You have a choice in how you spend your time and energy. In EVERYTHING. “But I have to go to work or I’ll get fired!” you might say. Oh really? Is someone yanking you out of bed and shoving you into your car every morning and forcing you to drive to the oil field or the office or the restaurant or do you choose to drive yourself to work no matter whether you love or hate your job? “I have to take care of my kids!” No, you choose to. There are plenty of idiots out there who don’t.
You have a choice in how much attention and energy you devote to that next phone call, email, project, or conversation. Your boss might have told you to do it, but you are ultimately the decider. You could certainly stay home and yes, you might get fired. That was your choice.
You have a choice in how much time and attention you devote to your partner or family. I have never said, “I’m too busy” to someone I really liked or loved. Like everyone else and more times than I’m proud to admit I’ve used the “I’m too busy” line to get out of something that I chose not to do but don’t have the courage to admit it.
Not to be an apple polisher here, but my priority this summer IS taekwondo. Yeah sure, I have a full-time job, but that’s never stopped me before, heh heh! I choose to stay in shape so I have the endurance for sparring, the strength for jumping, and the finer motor skills for forms. I choose to watch what I eat (well, most of the time) so I have a clear head and high energy. I choose to devote my time to my practice rather than doing all those other fun things I could be doing this summer.
I choose it because it is so important to me. I don’t really care about titles or measuring myself against anyone else. I’m doing this for me. The dojang is my second home, and the people there are my second family. Getting a black belt is the icing on an already delicious cake; I just want to be there as often as I can.
If you catch yourself saying, “I want to do that, but I don’t have time,” pause for a moment. Do you really not have time or do you place your values and importance on something else? Either scenario is OK. You have more freedom than you think you do. Everything is a choice, and the power is yours.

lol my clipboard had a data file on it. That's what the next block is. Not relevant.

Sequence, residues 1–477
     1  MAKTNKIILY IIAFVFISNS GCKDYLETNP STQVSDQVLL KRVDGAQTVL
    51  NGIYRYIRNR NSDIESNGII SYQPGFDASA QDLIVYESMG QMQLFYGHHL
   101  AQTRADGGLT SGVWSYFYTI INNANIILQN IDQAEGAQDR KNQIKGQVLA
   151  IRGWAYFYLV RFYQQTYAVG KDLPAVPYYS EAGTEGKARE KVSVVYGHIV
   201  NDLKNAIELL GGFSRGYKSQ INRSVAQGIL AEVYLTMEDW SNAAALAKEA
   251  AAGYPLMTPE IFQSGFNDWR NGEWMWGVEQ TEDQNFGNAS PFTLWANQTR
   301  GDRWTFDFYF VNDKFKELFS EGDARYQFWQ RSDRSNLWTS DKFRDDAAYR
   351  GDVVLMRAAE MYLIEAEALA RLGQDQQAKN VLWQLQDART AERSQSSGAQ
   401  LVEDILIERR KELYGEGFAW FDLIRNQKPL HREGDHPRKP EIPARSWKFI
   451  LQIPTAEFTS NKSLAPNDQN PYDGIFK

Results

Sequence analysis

The other day right as taekwondo class ended I let a seven-year-old get under my skin. We were collecting our shoes and water bottles after a hard cardio workout when she remarked with wonder, “Wow, we didn’t take a break at all.”
“I know,” I said, “But we can handle it. We’re tough. We’re bo dans after all.”
She paused for a moment and said, “Bo dahns” matter-of-factly and trotted off to meet her mother.
“Don’t correct me!” I spat at her half jokingly but also half menacingly. A surprising rush of anger flared up in my neck. How dare that little brat correct me in front of other people? How dare that bossy child who whines and complains and fidgets and doesn’t remember any of her forms or one-steps tell ME what’s up in the dojang? How dare she be so bold and confident and sure….how dare she be all the things that I am not.
I thought about if for several hours afterwards. I wasn’t really angry at her. She’s just a kid, and her life sucks way more than mine does. I mean, I never have to listen to boring schoolteachers ever again, I can have cookies for dinner if I want, and I can stay up as late as I please. Being a grown up is AWESOME.
I was angry at what her words and (in my perception) tactless disrespectful attitude represented to me. I feel like people have been walking all over me, humiliating me and taunting me my entire life. I was angry because I don’t do that to people. I’m nice and considerate, and dammit, everyone else should be too and fuck you if you’re not! I was angry because I just sat back and took it. I attracted it and I let it happen over and over and over again. I never just walked away and removed myself from the situation.